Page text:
September 25, 2006

We're Just On Loan

Category: Science And Technology — Cranky @

Each of us is composed of about 59 elements. At the very top of the list are the basics: Oxygen, Carbon, Hydrogen, Nitrogen, and Calcium. For the average 70 kilogram person, it breaks down something like this:

Oxygen 43 Kg
Carbon 16 Kg
Hydrogen 8Kg
Nitrogen 1.8Kg
Calcium 1.0Kg

There follows a long list. Bringing up the rear is Tungsten, at 20 micrograms. We even have 200 micrograms of gold in each of us. We might be able to melt down 140,000 people and make $570US.

When we were conceived, each of us began life with the bare essentials, supplied by our parents. They donated their matter as egg and sperm. Then, as time went on, we accumulated the elements we needed through food ingested and processed by our mother. We grew and grew, and we locked in those atoms.

It’s almost like we exist by the agreement of these elements. They are cooperating to keep us in this living state. The universe has loaned us this matter, and in the very long run, it will reclaim it. These same atoms that are in our bodies are ancient. They have been witness to the long history of this planet – indeed, they are far older than the Earth – and they will continue to exist, unchanged, in whatever they agree to do next.

Our lives and our bodies are very short-lived. The constituent elements are not. Some day the atoms that are in my body will be in the bodies of future generations. My body contains atoms that were once a part of dinosaurs. Indeed, atoms from the great scientists, philosophers and religious leaders – and psychopaths – may currently exist in me.


September 22, 2006

Fates of the Famous V

Category: Entertainment — Cranky @

Smokey Bear

In 1943 when the United States Forest Service needed a spokesperson to address campfire safety, they turned first to Bambi. A year later, when the draconian taskmasters at Disney unceremoniously pulled their star, the search for a new mascot began. In 1944 they found the perfect candidate – a bear named “Hotfoot Teddy” who had been burned in a forest fire.

The bear was perfect, but the name didn’t sing. When “Smokey Bear” was proposed as a pseudonym, the marketing team knew they had struck gold. With his unforgettable catchphrase, “Only YOU can prevent forest fires!”, he became very famous, very quickly. The incredible volume of fan mail arriving daily prompted the U.S. postal service to give him his own zip code, number 20252.

In 1952 the Smokey Bear Act was passed by Congress, which took Smokey out of the public domain, allowing the government to retain control of their star. They treated him well, and for nearly forty years he remained at the forefront of fire prevention.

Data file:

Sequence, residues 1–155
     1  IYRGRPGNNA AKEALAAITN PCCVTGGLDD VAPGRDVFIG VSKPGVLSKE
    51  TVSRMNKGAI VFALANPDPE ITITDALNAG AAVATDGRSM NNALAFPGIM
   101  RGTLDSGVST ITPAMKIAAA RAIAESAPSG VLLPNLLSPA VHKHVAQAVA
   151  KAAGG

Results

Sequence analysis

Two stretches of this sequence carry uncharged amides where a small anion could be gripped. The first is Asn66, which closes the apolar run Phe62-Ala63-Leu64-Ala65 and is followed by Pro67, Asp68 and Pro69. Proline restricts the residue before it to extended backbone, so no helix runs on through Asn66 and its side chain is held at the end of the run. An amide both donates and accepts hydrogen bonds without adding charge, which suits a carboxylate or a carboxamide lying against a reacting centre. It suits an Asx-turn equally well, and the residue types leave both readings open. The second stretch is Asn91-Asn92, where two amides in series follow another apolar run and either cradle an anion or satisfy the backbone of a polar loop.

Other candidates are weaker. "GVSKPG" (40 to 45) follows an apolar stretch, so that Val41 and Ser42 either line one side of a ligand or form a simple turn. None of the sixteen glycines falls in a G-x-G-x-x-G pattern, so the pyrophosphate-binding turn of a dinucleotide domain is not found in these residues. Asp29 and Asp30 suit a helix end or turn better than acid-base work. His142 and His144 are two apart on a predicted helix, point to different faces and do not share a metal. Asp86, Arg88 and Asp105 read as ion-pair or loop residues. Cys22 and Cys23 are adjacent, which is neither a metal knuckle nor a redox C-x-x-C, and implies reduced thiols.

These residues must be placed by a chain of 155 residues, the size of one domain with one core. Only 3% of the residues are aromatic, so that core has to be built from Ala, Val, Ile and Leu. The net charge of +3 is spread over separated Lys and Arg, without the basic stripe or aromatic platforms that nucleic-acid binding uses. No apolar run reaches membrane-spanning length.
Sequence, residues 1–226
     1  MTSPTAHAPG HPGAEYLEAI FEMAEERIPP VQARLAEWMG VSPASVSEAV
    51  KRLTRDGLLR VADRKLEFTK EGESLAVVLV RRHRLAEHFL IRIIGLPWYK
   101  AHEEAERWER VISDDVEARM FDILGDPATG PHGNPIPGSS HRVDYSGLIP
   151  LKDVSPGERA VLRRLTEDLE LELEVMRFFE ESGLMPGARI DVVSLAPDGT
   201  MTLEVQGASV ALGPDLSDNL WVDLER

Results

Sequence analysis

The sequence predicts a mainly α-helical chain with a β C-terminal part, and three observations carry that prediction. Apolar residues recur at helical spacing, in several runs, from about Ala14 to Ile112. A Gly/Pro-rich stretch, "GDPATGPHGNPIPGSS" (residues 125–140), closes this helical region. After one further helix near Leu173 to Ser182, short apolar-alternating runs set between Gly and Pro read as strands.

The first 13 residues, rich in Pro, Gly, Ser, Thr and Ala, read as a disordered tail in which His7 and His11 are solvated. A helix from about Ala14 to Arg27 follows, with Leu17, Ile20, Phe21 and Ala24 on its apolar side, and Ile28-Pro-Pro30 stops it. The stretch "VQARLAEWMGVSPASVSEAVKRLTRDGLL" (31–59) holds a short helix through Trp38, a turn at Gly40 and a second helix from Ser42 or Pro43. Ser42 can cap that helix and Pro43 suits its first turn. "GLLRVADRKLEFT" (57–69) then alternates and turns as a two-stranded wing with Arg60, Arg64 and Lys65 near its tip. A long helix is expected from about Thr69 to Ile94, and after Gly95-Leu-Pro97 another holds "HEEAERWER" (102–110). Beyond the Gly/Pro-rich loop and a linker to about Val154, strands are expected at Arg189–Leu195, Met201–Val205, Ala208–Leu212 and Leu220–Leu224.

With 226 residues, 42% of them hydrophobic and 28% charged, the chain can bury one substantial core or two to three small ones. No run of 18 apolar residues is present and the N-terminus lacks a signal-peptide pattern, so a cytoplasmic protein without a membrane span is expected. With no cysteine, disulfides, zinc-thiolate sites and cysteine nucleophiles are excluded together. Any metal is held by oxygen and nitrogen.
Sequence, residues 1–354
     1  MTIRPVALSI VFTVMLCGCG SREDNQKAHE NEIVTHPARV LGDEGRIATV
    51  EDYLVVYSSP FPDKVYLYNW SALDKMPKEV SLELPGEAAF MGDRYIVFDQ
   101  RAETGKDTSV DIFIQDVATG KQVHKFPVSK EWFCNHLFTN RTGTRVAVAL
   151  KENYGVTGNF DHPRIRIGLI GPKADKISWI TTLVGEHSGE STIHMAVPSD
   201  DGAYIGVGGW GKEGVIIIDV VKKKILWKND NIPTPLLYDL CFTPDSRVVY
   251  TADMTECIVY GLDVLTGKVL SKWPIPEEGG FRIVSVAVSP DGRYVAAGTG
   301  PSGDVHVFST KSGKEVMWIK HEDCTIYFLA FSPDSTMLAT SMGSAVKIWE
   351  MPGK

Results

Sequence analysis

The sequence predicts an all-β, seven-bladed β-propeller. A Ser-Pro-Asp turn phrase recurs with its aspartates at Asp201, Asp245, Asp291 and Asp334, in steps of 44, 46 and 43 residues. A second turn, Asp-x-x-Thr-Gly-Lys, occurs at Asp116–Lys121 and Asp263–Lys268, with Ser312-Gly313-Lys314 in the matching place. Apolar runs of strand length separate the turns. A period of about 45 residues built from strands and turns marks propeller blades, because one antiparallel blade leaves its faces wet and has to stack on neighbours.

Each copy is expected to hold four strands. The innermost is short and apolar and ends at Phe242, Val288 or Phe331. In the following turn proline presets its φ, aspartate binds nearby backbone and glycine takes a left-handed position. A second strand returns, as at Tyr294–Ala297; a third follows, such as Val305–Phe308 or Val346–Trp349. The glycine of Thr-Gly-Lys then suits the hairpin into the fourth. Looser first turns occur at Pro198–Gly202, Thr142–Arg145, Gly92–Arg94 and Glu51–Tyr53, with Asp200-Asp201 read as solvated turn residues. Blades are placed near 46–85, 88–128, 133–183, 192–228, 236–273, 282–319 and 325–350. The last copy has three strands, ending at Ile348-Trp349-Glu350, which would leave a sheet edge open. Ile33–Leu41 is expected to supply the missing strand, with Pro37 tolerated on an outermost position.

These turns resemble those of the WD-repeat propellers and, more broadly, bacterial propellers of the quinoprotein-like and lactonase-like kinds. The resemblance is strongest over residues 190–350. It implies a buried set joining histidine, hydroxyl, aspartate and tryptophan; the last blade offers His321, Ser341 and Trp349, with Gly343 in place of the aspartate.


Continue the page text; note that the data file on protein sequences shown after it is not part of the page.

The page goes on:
He married, and had a son named “Smokeout the Bear”. He was the picture of happiness, with health, home and work satisfying him. He was always ready to teach children, and he led by example, never straying even once from his wholesome image, until the day he died.

In 1995 Smokey Bear was shot to death while masturbating in a fireworks factory.


September 18, 2006

One Planet, One Life

Category: Science And Technology — Cranky @

A few nights ago I was lying in bed waiting for Mr. Sandman to make an appearance, when I realized I had a conceptual problem with regards to the history of DNA, the blueprints for life on earth.

I had been envisioning this unbroken history of DNA like a tree trunk, with branches representing species. Of course there’s a built-in flaw in this idea – many species evolve rather than become extinct. Branches are terminated, and clearly not every species merely terminates.

My epiphany was simple, yet instantly beautiful to me. You see, I think there is just one life on this planet.

Everything that we would consider to be alive has DNA, and our DNA is very similar from creature to creature. I think that this single life is composed of billions of tiny individual strains of DNA all interacting. The history of life is the history of DNA. As it has evolved, it has created and discarded countless variations on itself, but at any given moment, life was in a single state. Life is “all current strands of DNA”, of which each of us is one.

When viewed this way, natural selection becomes a way for DNA, and thus this single life, to improve itself. If all of the individual strands of DNA that are rabbits vanish, then the varieties of DNA that depend on rabbits – foxes, for instance – must adapt or vanish as well. All varieties of DNA depend on some other variety of DNA for food, and so life in total sustains itself from the energy found within the planet, and that which radiates from the sun. It is interdependent in the extreme, and changes in one variety of DNA can have far reaching consequences.

So everything that lives on this planet is a part of this single life, this current state of DNA. Life is a mesh – a vast network of interacting discrete parts. We are cells in the organism, if you will, and we are not any more evolved than any other part of the mesh. Every part has evolved for the same amount of time, and each is adapted for their current purpose.

Scientifically it makes sense. It’s an elegant idea. Philosophically speaking, many people say we are all connected. It’s not a new idea. I would go a bit further than that, though. I’d say we are one life.